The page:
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What is registration?
All health and social care services in England need to register with the Care Quality Commission.
Below we have answered the most common questions about registration and explained some of the key terms we use both on the registration form and in our guidance documents.
Who needs to register?
You must register with us if you carry on one of the 15 activities we regulate (see below for a definition of these 'regulated activities').
You can find definitions of each of these activities and more information to help you decide if you are required to register in our scope document.Scope of registration
What is a provider?
One of the words you will read a lot in our information about registration is 'provider'. We use this to mean the legal entity responsible for carrying on the health or adult social care services we regulate.
Types of providers
The legal entity can be one of three types of provider: individuals, partnerships or organisations.
When you come to register, it is important you apply as the correct entity and type of provider. It is an offence to carry on any of the health and social care services we regulate (known as 'regulated activities') without being registered.
You should register as an individual if you are a sole trader. Individuals register in their own name and are directly responsible for carrying on regulated activities.
If you carry on any regulated activities as a partnership, it is the partnership (including all the partners) that must register. The partnership as a whole, as well as each individual partner, is responsible for ensuring that the regulated activities provided meet the essential standards.
Therefore, you should only register as a partnership if you have made arrangements for all partners to accept joint and several liabilities for the way the activity is carried on, and each individual partner has agreed to this. This will normally be documented through a written agreement, but this is not a requirement; for example, partnerships-at-will can register as a partnership as long as appropriate arrangements are in place.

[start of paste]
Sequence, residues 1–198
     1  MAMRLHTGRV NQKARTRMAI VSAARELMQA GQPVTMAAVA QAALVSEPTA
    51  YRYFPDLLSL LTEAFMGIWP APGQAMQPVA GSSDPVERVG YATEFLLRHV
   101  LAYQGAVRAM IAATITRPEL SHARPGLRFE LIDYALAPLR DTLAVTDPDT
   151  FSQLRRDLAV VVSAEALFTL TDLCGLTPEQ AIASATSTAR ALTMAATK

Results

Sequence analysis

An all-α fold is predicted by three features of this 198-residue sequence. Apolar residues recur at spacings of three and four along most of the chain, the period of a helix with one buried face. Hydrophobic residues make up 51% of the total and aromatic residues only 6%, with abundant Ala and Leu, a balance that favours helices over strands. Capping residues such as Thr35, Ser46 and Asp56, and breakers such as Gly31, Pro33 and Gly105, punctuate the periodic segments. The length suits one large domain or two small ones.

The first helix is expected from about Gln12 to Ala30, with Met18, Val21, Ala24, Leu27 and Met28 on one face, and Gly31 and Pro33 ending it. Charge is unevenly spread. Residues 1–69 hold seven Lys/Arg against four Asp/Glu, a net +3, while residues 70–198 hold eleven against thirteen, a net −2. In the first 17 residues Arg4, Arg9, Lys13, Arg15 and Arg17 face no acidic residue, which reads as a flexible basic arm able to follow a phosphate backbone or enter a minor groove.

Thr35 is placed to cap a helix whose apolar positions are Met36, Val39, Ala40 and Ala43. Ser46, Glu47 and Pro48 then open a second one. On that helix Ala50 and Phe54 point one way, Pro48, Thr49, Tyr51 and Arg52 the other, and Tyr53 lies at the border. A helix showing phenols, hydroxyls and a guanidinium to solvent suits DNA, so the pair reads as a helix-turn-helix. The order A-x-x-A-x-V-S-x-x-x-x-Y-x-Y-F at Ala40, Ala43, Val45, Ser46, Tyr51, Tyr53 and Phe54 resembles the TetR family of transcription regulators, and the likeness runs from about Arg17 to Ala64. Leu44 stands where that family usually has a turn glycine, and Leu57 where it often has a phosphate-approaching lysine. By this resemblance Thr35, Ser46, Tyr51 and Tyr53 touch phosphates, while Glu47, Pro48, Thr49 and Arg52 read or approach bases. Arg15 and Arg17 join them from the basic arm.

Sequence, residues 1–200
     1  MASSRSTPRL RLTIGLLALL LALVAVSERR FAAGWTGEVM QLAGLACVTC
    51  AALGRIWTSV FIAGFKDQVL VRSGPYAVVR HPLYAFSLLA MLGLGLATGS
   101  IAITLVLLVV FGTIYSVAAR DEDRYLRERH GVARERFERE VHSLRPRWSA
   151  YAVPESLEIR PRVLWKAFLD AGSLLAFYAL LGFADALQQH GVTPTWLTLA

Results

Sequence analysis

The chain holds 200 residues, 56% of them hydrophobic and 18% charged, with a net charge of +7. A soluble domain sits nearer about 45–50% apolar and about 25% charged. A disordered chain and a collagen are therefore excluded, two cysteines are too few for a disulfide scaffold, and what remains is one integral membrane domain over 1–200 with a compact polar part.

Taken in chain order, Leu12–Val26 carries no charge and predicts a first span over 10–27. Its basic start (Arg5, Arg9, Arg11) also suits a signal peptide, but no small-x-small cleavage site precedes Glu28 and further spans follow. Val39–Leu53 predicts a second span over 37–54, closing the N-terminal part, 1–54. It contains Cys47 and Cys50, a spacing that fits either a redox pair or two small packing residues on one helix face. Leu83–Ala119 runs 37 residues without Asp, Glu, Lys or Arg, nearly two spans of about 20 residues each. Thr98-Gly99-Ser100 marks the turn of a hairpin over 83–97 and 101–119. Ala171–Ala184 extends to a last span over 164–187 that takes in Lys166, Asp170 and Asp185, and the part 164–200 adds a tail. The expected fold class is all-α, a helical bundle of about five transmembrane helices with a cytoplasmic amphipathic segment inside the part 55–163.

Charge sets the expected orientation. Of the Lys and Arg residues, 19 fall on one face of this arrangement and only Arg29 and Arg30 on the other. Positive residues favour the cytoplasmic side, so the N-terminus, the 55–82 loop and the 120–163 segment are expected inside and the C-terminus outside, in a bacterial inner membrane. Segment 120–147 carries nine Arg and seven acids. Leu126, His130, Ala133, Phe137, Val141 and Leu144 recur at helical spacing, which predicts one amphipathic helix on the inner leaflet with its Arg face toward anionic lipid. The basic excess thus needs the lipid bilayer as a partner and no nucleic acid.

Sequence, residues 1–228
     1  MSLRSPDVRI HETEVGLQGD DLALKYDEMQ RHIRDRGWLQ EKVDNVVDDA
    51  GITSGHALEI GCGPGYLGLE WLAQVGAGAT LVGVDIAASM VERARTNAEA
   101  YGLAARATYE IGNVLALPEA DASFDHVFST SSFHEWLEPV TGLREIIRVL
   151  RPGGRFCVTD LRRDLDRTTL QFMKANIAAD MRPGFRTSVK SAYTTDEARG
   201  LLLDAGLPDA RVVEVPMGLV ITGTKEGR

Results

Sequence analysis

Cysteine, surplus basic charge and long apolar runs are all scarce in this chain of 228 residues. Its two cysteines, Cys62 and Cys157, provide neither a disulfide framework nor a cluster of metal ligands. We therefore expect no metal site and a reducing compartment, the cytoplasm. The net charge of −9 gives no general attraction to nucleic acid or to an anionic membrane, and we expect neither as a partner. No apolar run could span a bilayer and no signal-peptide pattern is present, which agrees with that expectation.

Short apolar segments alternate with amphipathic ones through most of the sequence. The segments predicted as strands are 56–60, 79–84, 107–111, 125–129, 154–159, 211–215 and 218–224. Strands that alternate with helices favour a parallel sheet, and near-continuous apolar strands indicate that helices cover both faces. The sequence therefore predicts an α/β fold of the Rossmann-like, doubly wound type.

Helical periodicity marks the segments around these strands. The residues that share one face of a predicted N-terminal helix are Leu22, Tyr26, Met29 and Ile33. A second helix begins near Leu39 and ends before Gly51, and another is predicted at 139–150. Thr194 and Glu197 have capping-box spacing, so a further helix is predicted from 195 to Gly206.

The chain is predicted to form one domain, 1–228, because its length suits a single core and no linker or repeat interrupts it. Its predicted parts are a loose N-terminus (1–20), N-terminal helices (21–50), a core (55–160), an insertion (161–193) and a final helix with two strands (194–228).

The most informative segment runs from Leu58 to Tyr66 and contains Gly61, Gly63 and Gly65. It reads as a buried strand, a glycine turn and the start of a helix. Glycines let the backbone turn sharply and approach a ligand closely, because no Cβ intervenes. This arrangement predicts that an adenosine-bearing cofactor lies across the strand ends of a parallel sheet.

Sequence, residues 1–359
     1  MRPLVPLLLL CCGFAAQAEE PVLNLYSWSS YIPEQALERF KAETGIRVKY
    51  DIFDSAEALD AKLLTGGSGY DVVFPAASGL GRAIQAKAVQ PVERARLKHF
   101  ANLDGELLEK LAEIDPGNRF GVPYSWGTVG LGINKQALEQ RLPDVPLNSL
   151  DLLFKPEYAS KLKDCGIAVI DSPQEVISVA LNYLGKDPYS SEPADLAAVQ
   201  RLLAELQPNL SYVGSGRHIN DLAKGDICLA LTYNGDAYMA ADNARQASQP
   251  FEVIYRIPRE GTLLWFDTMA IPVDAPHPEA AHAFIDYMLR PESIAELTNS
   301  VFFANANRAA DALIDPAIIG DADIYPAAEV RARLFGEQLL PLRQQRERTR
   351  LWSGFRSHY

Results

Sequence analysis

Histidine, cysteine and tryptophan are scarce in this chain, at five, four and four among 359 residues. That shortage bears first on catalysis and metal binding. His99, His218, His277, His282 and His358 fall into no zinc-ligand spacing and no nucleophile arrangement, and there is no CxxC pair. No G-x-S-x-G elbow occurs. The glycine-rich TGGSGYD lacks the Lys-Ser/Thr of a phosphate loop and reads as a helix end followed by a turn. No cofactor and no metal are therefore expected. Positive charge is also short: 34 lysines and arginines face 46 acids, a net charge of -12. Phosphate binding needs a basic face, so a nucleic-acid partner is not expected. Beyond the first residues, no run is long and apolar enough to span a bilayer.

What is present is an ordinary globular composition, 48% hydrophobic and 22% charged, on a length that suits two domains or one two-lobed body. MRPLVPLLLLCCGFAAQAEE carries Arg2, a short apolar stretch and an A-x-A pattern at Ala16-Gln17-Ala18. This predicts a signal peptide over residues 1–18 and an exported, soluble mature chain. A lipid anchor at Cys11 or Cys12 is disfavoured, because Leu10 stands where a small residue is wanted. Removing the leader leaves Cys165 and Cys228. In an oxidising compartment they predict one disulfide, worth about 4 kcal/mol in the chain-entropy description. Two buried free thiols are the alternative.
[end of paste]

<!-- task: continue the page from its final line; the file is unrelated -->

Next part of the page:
A partnership that doesn’t have these arrangements in place, such as one that is limited only to arrangements for expense sharing, should not register as a partnership. In this case, if each person is carrying on regulated activities as an individual without shared liability, they will need to register separately.
For legal reasons, a limited liability partnership (LLP) should register as an organisation, not as a partnership.
You should register as an organisation if you are a registered company or charity, a limited liability partnership (LLP) or other corporate body. In this case it will be the organisation itself that registers, not the people who control it.
What is a regulated activity?
When you are applying for registration with us, you will need to determine which health and adult social care services we regulate you carry on. These are known as 'regulated activities'.
It is your responsibility to ensure you register for each regulated activity that you carry on or manage. It is common to register for more than one.
In all, there are 15 regulated activities. For a more detailed explanation of who is covered by the registration system and a description of each regulated activity, you should refer to the Scope of Registration document (below).
Quick reference guide to regulated activities by type of service
Our new ‘quick reference guide’ helps providers to understand how regulated activities and services types could map to each other.
This will allow you to select the type of service provider you are and find out which regulated activities you are most likely to carry on.
It should be used in conjunction with our scope of registration document, which will allow you to evaluate in more detail if these regulated activities apply to you.
What is a location?
A location is a place in which, or from which, regulated activities are provided or managed. Once you are registered you may only provide services from the locations specified in the conditions of your registration.